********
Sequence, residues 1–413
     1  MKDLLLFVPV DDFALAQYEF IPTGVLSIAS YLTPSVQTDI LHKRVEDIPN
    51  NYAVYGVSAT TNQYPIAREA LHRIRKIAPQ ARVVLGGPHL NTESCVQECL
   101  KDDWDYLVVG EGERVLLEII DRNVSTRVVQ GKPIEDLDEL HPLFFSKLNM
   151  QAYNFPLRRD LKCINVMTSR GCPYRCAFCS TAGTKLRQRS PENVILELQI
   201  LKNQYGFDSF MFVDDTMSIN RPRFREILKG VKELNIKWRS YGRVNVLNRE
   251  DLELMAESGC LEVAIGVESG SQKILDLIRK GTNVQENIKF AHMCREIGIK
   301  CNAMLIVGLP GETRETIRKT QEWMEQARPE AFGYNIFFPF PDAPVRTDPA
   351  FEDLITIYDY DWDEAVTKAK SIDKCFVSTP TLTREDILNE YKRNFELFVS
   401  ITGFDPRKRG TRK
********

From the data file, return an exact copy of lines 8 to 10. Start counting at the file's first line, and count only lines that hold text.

   301  CNAMLIVGLP GETRETIRKT QEWMEQARPE AFGYNIFFPF PDAPVRTDPA
   351  FEDLITIYDY DWDEAVTKAK SIDKCFVSTP TLTREDILNE YKRNFELFVS
   401  ITGFDPRKRG TRK